"Here was a man who now for the first time found himself looking into the eyes of death -- who was passing through one of those rare moments of experience when we feel the truth of a commonplace, which is as different from what we call knowing it, as the vision of water which cannot be had to cool the burning tongue. When the commonplace 'We all must die' transforms itself suddenly into the acute consciousness 'I must die-- and soon,' then death grapples us, and his fingers are cruel; afterwards, he may come to fold us in his arms as our mother did, and our last moment of dim earthly discerning may be like the first." (Eliot 398)
My longed for wish has come true: I can read again. I've been reading books after the chemo brain hiatus and it's been glorious. I plowed first through children's and YA, and then contemporary fiction and nonfiction. And now Middlemarch, my old friend, has been my traveling companion for the last two weeks, and probably for two weeks more.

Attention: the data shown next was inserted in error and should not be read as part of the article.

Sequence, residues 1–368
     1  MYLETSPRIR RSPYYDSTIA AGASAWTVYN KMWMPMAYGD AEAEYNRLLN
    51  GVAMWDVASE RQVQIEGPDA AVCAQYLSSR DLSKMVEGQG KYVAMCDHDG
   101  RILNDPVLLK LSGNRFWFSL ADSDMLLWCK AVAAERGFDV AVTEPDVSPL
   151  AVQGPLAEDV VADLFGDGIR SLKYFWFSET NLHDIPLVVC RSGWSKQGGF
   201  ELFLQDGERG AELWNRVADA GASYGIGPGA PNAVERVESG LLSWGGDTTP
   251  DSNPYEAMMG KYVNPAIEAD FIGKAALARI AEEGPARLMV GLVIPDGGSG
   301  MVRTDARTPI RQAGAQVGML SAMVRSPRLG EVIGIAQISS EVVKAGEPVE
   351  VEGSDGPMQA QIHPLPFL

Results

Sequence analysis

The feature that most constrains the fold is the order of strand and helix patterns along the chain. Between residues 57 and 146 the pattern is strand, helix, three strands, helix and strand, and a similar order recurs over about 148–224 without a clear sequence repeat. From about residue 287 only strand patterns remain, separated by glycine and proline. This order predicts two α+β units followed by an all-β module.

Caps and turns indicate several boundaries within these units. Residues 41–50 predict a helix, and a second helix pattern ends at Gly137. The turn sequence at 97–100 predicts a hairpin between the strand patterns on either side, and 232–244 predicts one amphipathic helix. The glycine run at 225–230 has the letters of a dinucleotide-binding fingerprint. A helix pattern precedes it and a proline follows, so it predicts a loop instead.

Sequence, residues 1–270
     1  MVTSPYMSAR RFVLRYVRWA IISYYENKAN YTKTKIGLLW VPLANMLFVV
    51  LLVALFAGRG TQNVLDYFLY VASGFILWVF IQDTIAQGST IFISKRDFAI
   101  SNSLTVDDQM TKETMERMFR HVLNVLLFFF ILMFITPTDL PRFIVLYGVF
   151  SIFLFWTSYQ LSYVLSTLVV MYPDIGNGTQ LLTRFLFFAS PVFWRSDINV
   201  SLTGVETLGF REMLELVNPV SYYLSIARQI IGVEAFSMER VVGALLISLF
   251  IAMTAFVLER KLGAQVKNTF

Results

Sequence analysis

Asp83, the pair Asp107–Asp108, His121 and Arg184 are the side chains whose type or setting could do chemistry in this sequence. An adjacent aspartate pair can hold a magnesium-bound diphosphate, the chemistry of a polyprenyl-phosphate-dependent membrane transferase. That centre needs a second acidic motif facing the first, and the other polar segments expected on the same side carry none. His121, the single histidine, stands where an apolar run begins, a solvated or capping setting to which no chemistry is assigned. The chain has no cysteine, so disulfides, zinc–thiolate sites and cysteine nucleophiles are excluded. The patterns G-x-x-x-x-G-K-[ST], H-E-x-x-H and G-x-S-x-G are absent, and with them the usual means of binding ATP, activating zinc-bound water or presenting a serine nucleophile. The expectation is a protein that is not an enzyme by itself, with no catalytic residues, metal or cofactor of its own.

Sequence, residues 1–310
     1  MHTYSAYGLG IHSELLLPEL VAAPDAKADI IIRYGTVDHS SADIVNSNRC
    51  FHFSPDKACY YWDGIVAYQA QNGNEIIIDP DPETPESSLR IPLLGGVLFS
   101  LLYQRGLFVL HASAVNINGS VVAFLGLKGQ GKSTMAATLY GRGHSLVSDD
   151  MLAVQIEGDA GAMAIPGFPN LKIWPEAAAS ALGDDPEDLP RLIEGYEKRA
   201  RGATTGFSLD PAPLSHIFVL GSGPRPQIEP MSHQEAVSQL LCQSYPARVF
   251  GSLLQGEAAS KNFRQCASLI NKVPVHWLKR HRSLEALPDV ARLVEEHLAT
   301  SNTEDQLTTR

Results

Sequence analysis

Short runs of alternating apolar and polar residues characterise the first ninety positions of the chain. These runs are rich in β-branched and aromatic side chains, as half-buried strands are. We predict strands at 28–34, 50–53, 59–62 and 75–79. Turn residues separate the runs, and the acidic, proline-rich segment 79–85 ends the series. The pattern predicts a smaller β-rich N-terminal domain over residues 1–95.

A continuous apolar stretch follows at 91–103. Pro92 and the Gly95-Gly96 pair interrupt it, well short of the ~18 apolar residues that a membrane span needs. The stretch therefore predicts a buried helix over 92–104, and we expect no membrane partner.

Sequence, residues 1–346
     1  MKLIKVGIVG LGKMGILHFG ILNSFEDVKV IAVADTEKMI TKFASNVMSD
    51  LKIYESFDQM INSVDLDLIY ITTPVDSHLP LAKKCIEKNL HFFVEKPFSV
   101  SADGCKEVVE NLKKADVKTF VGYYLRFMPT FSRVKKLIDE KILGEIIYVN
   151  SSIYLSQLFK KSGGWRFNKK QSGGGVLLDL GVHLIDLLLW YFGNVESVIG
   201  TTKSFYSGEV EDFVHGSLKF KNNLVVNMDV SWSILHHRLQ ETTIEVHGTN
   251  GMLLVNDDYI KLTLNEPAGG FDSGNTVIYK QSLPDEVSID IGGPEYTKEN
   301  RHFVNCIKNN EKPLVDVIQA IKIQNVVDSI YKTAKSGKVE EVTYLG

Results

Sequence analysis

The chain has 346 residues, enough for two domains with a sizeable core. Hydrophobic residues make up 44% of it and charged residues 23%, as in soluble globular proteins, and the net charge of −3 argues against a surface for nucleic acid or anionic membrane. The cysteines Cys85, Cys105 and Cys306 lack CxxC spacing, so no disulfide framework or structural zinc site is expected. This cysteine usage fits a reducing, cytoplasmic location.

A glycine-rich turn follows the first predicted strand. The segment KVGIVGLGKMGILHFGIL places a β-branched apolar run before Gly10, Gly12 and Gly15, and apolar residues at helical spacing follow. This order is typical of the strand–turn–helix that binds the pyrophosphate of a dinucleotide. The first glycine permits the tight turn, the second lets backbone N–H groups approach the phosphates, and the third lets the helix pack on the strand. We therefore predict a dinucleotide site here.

What I love about this passage is all that Eliot captures, all the depth and complexity that is achieved. The travel from terror to comfort. And how she neatly she communicates that odd moment when you understand your mortality fully. I read this and want and want to scream, "YES!" And then give it to all those "I could get hit by a bus," people. Because yes, smarty pants, you intellectually understand that you will die, but it seems likely that the fact has not knocked you over the head, or rammed you in the gut, or cut you off at the knees, and crushed your heart.
Which is not to say that the knowledge is permanent. I've had those moments of extreme clarity, followed by a blissful lack of foresight.
And is one better than the other? Of course not. It's just different. But frustrating.